Essential information for end of life vehicle dismantling, depollution and recycling

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IARC 2018 review

IARC 2018Discussed at the recent IARC conference held in Vienna between the 14th and 15th of March, among a variety of topics, was a key topic of electric mobility and its impact on not only the automotive industry but the automatic recycling industry too.

The presentations showed that the automotive recycling industry is preparing for the coming challenges of electric mobility. Christophe Pillot, Director of Avicenne Energy in France, was therefore particularly interested in the keynote speech. He reported on the state of development of electric mobility and the resulting challenges for the battery market. Other presentations dealt with producer responsibility for the batteries used in hybrid and electric cars as well as new safety aspects that play a role in handling these batteries.

In addition to the future-oriented topic of electric mobility, also covered an array of other subjects that currently concern automotive recyclers. One of these subjects regarded the possible amendment of the EU End-of-Life Vehicles Directive to descriptions of the difficulties automotive recyclers are confronted with in practice – such as materials containing POPs in ELVs. 

Chris Slijkhuis of the Austrian Müller-Guttenbrunn Group argued along similar lines. The total amount of plastics used in electronics and vehicles amounts to around 8 million tonnes, he told the IARC 2018. Of this amount, around 65 per cent consists of recyclable components that enable technical plastics to be produced again. The remainder of this solid plastic waste fraction consists of a wide variety of plastics that to date are not being recycled. These plastics include those with Brominated Flame Retardants (BFRs), which can be found in both end-of-life vehicles (ELVs) and waste from electronics (WEEE) in parts that are often located near heat sources (such as engines and power supplies). These plastics containing BFRs are separated and incinerated in order to eliminate these BFRs, since some of them are considered to be Persistent Organic Pollutants (POPs).

However, currently a discussion is ongoing to reduce the thresholds of these POPs. The problem is that the threshold risk is to be lowered to such an extent that the recycling of engineering plastics from WEEE and ELVs would be impossible. “A decision in this direction would be devastating for the recycling targets of WEEE and ELVs that are set within the EU”, Slijkhuis warned.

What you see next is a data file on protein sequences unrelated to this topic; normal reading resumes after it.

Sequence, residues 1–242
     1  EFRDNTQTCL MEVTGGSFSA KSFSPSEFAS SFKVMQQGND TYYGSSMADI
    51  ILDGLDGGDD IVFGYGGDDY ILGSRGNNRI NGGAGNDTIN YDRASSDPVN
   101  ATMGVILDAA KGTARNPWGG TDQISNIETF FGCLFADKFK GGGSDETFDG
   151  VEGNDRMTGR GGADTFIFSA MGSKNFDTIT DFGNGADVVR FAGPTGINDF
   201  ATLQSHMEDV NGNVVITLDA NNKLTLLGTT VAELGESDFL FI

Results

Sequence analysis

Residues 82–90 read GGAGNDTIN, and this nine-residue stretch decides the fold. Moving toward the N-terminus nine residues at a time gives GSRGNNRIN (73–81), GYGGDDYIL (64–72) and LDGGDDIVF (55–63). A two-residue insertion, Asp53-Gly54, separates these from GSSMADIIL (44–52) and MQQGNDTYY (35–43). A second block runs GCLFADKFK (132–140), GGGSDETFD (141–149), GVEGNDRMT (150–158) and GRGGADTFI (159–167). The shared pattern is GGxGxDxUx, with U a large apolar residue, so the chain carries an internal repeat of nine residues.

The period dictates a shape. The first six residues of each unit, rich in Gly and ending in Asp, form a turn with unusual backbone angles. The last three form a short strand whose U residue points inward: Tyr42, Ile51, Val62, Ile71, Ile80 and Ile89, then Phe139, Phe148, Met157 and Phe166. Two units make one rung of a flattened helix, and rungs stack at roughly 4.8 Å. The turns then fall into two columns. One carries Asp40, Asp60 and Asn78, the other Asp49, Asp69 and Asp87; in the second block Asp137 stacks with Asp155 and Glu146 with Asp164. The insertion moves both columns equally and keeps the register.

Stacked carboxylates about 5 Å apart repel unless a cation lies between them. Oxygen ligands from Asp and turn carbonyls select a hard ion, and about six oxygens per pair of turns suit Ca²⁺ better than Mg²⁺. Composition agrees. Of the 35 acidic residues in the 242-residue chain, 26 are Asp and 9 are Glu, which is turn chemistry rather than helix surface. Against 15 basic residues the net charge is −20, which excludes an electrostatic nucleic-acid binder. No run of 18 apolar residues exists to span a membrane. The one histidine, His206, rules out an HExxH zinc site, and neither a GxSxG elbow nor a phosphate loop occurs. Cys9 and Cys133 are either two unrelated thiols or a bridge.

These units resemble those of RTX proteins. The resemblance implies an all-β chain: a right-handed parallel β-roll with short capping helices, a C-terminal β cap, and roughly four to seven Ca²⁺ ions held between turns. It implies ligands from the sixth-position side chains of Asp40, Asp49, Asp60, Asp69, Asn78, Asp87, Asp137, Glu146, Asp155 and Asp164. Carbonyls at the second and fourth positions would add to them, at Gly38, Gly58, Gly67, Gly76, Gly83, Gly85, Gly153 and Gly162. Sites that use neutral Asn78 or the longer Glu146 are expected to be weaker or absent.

For cat recyclers, the current discussion about diesel cars in Europe and further improvements to diesel catalytic converters is also leading to a number of innovations. Oliver Krestin, Managing Director of Hensel Recycling GmbH, described the challenges facing cat recyclers in detail. In his presentation, Umicore’s Thierry Van Kerckhoven pointed out that the recycling of auto cats is becoming increasingly complex.

The country reports, which are a traditional part of the IARC conference programme, were also very well received again this year. The agenda included reports on the development of the circular economy in Japan. Adina Renee Adler from the Institute of Scrap Recycling Industries (ISRI) examined the US shredding industry and Rajesh S. Desor from the US company Adams Scrap Recycling took a closer look at the automobile recycling market in the USA. Last but not least, Walter Kletzmayr from ARGE-Shredder GmbH, Austria, took stock of 25 years of recycling end-of-life vehicles in Austria.

More than 200 participants came to this year’s IARC in Vienna. In addition,

13 companies exhibited their products and services. This year’s plant tours on the third day of the congress took participants to the “energy and raw material from waste” power plant of the Energie- und Abfallverwertungs Gesellschaft in Niklasdorf, the scrapyard of Gebrüder Gratz GmbH in Edt near Lambach and the recycling facilities of the Müller-Guttenbrunn Group in Amstetten/Kematen. 

Next year, the congress will again take place in Vienna from March 20 – 22, 2019.

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Owain Griffiths

Owain Griffiths

Head of Circular Economy at Volvo Cars

Owain joined Volvo Cars in June 2021 to lead Circular Economy in the Global Sustainability Team. The company has committed to being a circular business by 2040 and has financial, recycled content and CO2 based targets for 2025, all of which Owain is working across the company to make happen. Owain previously worked for circular economy consultancy Oakdene Hollins where he advised businesses on evidence led circular economy implementation. 

Turning into a circular business and the importance of vehicle reuse and recycling.

The presentation will cover the work Volvo Cars is doing to achieve 2025 but mainly focus on the transformational work towards 2040 and the business and value chain changes being considered. Attention will be paid to the way vehicles are being dealt with at the end of life and the complexities of closing material and component loops. Opportunities and challenges which Volvo Cars is facing will be presented including engagement with 3rd parties and increasing pressure from stakeholders.